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Tarahumara Tesguino Fermenting Olla

Latin America, Northern Mexico, the Sierra Madre Occidental, Tarahumara People, early 20th century CE. This is a fermenting pot for creating the ceremonial drink of the Tarahumara people, tesguino, which is made of corn kernels that are soaked, ground, boiled, and fermented naturally with wild yeast. Pots like these are traditionally made by women. They dig clay out of the ground in their homeland of Barrancas del Cobre (Copper Canyon), dry it, and grind it on a stone metate; after that it is mixed with water and hand coiled into the shape of a pot. The coils are then scraped into a smooth surface with a gourd shell. The pots are dried and then rubbed with a polishing shell, followed by being fired over coals. This particular example has been decorated with thin looping animal skin and long red-black fur, possibly from a collared peccary. Size: 12.5" W x 10" H (31.8 cm x 25.4 cm).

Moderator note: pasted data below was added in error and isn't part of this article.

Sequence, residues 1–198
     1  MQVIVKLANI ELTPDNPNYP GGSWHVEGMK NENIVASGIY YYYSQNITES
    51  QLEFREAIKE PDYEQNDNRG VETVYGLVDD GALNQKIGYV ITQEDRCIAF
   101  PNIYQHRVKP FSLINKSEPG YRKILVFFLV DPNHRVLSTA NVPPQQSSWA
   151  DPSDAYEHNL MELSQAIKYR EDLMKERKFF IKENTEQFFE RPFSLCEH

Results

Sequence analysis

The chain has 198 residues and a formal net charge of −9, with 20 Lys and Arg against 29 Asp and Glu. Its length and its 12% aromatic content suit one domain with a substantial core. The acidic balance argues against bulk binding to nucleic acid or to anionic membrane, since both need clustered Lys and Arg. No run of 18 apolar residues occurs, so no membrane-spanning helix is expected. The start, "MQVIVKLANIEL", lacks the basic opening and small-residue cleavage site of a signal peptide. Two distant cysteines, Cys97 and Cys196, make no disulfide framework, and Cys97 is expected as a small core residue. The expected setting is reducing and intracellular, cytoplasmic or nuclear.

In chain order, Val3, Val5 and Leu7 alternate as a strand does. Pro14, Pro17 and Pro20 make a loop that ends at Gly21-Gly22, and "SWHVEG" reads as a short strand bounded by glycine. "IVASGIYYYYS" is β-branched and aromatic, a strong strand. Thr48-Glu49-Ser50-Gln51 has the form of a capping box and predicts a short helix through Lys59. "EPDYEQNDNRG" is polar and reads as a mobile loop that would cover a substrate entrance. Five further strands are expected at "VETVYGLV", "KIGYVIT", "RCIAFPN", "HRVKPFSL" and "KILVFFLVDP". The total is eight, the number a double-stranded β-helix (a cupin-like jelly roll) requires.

Condition: The piece has expected wear but is intact with minor rim chipping; the skin and fur details are in excellent condition.

Provenance: Ex-Galleria Eleni, Chicago.

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